The Nintendo Switch is one of my favorite pieces of gaming hardware, but it’s not without its faults. Two-plus years after launch, my console has held up remarkably well, but the same cannot be said for its Joy-Cons. At present I am on my third set of Joy-Con controllers, including the pair that came with the console. With the announcement of the Switch Lite (and its permanently attached controllers), this could become a major problem.
Nintendo hasn’t spoken publicly about the problem of “drifting” Joy-Con controllers, but it’s a big issue, with countless documented reports. After several months of playtime, some Joy-Con analog sticks will begin to “wobble” and lose accuracy. This manifests in games in a few ways: Breath of the Wild’s Link might start walking without any player input. You might find yourself unable to push “up,” even after repeated recalibration of the Joy-Con. Even at Polygon, I’m not alone in experiencing this drift, with five other employees mentioning similar issues with their Joy-Cons, with some lasting just a few months. And at $79.99 for a pair, the controllers are not cheap to replace.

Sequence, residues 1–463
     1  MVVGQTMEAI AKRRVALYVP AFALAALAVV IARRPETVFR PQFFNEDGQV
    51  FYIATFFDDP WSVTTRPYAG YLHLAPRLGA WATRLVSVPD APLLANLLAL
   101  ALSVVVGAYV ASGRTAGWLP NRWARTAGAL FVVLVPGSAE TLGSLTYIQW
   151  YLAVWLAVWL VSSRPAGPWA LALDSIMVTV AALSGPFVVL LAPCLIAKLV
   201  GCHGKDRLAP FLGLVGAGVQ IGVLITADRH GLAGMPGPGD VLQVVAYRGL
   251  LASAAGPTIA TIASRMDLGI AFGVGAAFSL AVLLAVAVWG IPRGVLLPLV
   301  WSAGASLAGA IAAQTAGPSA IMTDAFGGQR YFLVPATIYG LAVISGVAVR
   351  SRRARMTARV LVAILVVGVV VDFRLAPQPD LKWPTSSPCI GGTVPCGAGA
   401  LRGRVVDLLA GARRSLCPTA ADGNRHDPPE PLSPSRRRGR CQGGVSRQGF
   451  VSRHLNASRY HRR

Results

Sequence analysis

A Reddit user, u/rainbopython, may have tracked down the cause of this drifting, tearing a Joy-Con down to its component parts and revealing serious wear on the contact pads. These worn contact pads will malfunction, causing the Switch to improperly interpret where the analog stick is at any given moment.
No matter the cause, the issue is widespread. DIY sites have posts dedicated to fixing the issue yourself and the Nintendo Switch subreddit is overrun with complaints. If Nintendo thinks this is bad, imagine what will happen if the Switch Lite’s analog sticks have the same issue. It’s one thing to ship a busted Joy-Con back to Nintendo, but imagine having to ship your entire handheld, leaving you without a gaming console, potentially for a few weeks. The blowback could easily match the disastrous Red Ring of Death, which made early Xbox 360 units so volatile.
What’s so surprising about the Joy-Con situation is that Nintendo has earned a reputation for hardware reliability over its history. In the Nintendo World Store in New York City, the company proudly displays a still-working Game Boy that survived a bombing during the Gulf War.
It’s that sort of reliability that I’d expect from present-day Nintendo controllers, but that’s not the case with its current Joy-Con controllers. The Switch Lite’s permanently-attached controllers leave no room for this sort of design error, so here’s hoping Nintendo is taking steps to remedy the issue. We’ve reached out to the company for comment on whether the Switch Lite’s analog sticks have been refined and will update this story once we hear back.
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